Peter Hibberd, M.D., is a doctor whose advice is based on more than 28 years of hospital outpatient and inpatient experience. He is an experienced emergency medicine physician, surgeon, and consultant. Dr. Hibberd is certified by the American Board of Emergency Medicine. He is also a fellow and active member of the American Academy of Family Physicians, an active member of the American College of Emergency Physicians, and a member and fellow of the American Academy of Emergency Medicine. Dr. Hibberd has earned numerous national and international professional certifications, memberships, and awards.

What Proactive Measures Can I Take After Being Diagnosed With Thyroid Disease?

Tuesday, 29 June 2010 02:12 PM

Question: I am a 79 year old man with an implanted pacemaker who has thyroid disease, and I am worried that this raises my risk for coronary artery disease. What supplements should I take; what type of exercise do I need; and what questions should I ask my doctors?

Dr. Hibberd's Answer:

First of all, just because you have an implanted pacemaker and thyroid disease does not mean you have a greatly increased risk for coronary artery disease. Many people equate pacemakers with coronary artery disease, but this is simply untrue. While they may co-exist, they are entirely different entities.

A pacemaker is required when the specialized conducting system in our heart muscle fails. The pacemaker then releases a millivolt signal to stimulate the heart muscle to contract. This failure of the conducting system often occurs independently of the presence of coronary artery disease, though it may occur as a result of extensive damage after a myocardial infarction (heart attack). There are no supplements known to specifically retard or prevent conducting system disease.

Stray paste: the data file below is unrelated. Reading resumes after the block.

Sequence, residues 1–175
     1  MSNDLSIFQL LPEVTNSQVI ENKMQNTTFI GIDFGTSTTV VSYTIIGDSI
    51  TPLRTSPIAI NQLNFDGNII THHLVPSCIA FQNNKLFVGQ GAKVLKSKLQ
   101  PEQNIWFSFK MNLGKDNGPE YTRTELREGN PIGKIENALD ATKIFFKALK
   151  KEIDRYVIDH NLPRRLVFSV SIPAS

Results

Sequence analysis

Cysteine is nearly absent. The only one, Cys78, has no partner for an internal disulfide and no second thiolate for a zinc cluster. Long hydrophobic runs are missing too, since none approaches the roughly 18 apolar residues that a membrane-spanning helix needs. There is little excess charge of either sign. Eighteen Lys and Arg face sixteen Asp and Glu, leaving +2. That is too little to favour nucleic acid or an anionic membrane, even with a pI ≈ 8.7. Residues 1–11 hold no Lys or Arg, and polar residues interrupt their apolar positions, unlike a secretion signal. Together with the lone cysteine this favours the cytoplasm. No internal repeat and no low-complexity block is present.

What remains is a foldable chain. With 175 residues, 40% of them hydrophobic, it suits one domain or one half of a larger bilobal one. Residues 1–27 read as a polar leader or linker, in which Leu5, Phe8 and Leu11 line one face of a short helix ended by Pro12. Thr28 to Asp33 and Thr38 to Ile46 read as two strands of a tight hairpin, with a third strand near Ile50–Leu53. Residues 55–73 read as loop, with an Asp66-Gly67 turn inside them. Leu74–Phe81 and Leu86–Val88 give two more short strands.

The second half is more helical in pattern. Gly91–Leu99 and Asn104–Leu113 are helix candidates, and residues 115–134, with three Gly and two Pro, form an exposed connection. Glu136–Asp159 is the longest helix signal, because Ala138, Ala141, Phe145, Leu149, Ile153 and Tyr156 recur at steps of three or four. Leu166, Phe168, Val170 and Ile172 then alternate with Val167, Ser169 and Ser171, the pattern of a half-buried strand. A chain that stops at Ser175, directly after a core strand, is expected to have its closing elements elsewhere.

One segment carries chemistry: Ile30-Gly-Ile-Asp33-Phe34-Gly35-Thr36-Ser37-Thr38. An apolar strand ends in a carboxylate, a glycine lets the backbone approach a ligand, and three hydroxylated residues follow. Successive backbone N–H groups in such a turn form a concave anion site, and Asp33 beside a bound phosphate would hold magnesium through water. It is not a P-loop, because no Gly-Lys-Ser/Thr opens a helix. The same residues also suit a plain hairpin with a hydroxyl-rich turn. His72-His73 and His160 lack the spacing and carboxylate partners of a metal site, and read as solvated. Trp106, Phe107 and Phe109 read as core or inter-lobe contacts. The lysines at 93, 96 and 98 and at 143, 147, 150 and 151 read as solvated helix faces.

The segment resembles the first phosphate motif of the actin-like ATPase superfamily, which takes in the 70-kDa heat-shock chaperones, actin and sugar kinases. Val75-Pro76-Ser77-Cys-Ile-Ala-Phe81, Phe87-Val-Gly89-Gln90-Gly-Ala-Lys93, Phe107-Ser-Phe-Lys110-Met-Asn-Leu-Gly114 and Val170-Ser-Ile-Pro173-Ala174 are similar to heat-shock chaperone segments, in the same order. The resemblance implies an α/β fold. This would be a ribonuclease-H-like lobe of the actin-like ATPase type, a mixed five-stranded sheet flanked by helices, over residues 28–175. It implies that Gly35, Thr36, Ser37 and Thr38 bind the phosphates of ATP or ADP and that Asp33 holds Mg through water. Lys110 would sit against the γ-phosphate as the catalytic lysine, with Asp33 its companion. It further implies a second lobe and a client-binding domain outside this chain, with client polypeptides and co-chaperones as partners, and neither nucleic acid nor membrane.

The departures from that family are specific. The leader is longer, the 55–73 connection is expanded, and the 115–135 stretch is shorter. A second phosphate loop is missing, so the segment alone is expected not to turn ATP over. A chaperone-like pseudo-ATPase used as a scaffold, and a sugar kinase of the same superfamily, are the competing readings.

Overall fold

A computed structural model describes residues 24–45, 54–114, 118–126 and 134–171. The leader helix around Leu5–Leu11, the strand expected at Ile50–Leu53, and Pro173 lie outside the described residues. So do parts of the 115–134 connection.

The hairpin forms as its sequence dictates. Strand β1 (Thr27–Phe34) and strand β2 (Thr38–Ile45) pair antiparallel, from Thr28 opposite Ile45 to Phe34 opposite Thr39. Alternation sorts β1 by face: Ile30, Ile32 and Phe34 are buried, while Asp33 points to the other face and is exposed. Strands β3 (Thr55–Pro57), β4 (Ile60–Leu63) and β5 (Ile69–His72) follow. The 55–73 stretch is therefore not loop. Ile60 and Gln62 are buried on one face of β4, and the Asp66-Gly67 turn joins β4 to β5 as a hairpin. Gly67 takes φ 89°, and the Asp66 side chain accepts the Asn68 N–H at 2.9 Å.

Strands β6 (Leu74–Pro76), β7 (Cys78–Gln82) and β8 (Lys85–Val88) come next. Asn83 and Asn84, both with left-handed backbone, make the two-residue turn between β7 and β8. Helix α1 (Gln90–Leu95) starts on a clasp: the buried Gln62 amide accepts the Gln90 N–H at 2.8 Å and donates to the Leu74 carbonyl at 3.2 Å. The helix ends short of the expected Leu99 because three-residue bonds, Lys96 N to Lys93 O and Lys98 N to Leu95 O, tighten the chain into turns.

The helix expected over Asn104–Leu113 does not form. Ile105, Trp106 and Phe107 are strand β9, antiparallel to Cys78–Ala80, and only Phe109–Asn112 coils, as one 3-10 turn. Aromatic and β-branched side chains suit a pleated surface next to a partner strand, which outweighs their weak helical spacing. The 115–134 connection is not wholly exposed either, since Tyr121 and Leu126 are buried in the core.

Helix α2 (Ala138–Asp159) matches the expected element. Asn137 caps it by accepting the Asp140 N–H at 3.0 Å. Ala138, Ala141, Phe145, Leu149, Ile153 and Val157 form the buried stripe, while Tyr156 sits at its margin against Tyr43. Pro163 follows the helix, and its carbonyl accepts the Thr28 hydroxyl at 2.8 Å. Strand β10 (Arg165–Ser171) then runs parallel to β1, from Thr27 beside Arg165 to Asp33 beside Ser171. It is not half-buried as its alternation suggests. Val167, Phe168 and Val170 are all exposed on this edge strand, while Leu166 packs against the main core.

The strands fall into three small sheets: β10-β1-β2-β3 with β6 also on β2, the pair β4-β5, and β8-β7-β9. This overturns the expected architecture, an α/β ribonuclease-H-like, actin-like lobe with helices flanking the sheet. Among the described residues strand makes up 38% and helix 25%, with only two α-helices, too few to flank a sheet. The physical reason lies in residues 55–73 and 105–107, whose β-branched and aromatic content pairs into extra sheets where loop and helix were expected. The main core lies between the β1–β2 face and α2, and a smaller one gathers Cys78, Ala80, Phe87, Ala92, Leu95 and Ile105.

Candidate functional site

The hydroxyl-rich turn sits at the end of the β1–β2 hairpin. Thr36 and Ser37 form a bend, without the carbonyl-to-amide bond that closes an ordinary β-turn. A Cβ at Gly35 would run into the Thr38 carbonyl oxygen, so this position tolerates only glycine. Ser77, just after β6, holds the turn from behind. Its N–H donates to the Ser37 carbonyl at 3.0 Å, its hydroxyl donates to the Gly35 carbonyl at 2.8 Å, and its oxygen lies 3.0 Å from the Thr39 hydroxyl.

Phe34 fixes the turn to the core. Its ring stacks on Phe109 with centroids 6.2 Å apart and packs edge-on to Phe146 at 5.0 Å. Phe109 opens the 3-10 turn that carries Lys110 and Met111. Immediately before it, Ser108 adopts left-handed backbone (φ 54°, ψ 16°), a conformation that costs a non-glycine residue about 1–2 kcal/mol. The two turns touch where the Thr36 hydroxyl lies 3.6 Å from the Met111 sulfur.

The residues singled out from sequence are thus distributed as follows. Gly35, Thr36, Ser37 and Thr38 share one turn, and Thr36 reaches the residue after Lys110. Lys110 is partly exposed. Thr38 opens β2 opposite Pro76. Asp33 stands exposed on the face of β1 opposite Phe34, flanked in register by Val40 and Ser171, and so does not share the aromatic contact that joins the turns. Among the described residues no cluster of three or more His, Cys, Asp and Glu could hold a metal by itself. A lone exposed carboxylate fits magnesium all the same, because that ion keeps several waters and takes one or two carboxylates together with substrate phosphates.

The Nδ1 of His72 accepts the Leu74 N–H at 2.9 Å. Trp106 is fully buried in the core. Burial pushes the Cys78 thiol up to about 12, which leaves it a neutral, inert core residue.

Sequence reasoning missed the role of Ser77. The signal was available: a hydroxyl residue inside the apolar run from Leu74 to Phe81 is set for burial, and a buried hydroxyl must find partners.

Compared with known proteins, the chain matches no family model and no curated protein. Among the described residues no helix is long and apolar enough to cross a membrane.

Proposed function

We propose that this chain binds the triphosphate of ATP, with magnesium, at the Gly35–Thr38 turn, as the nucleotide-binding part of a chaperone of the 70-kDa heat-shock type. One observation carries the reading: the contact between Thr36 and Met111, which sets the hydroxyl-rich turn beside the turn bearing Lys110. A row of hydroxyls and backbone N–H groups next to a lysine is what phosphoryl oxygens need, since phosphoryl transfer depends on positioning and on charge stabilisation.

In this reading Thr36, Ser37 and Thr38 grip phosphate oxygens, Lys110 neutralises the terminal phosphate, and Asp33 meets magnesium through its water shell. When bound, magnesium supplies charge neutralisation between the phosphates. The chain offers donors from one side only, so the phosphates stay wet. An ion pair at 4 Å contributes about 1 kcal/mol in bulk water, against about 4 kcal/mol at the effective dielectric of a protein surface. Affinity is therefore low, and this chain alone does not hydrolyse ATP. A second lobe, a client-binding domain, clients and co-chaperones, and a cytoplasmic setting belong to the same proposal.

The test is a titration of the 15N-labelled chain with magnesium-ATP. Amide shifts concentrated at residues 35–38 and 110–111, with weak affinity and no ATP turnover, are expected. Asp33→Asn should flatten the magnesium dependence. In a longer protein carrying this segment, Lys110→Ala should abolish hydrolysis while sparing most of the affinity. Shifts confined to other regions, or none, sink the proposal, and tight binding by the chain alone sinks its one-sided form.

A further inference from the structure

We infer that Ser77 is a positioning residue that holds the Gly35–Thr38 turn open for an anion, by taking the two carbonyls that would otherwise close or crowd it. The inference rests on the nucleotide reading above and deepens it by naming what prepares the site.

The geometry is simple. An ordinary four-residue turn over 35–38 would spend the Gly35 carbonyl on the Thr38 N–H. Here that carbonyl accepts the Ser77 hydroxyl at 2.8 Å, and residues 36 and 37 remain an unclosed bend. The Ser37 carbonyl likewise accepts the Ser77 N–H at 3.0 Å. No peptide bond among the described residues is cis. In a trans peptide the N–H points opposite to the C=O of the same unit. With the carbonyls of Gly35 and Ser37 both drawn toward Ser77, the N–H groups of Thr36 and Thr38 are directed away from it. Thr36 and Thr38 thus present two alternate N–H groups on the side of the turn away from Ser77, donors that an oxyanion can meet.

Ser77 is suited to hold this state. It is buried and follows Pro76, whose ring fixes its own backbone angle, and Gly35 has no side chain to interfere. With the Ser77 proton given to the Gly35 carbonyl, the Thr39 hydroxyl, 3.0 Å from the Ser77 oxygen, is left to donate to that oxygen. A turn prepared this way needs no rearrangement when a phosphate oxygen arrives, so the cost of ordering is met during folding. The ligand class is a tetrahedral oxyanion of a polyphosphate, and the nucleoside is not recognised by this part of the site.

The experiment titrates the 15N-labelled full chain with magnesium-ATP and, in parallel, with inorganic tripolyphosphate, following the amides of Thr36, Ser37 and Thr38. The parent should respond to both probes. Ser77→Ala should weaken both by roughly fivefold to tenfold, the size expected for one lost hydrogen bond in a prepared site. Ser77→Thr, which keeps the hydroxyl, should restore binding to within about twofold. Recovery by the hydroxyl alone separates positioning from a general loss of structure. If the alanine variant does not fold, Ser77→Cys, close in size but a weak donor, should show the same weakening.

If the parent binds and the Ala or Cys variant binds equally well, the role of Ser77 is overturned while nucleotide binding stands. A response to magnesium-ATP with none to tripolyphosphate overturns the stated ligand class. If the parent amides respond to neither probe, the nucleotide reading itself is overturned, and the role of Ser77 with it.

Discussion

We do, however, have recommendations for those at risk for coronary artery disease (which causes heart attacks). Ask your doctor for a cardiac risk appraisal, and then customize supplements and preventive treatments that are targeted to your specific estimated risks. Optimize treatment of underlying conditions such as diabetes, thyroid disease, hypertension, obesity, poor diet, hyperlipidemia (cholesterol and triglyceride abnormalities), circulation disorders, exercise, and smoking cessation.

Then consider supplementation risks and benefits. I recommend supplementation in consultation with your doctor, as supplements often will affect the levels and action of prescribed medications, and may not be appropriate with certain medical conditions.

Many men your age take a baby aspirin (81 milligrams), a fish oil supplement (for DHA/EPA omega-3 of 1,200 milligrams), and an age appropriate multivitamin daily. Start with a high fiber diet (30-40 grams per day of fiber, preferably soluble fiber) that’s low in saturated fat (less than 300 milligrams cholesterol daily) with a preference for foods low on the glycemic index.

Avoid processed foods when possible. Eat at least three meals daily with emphasis on fruits and vegetables and avoid eating immediately before bedtime. Find a daily exercise that both you and your doctor are comfortable with.

© HealthDay

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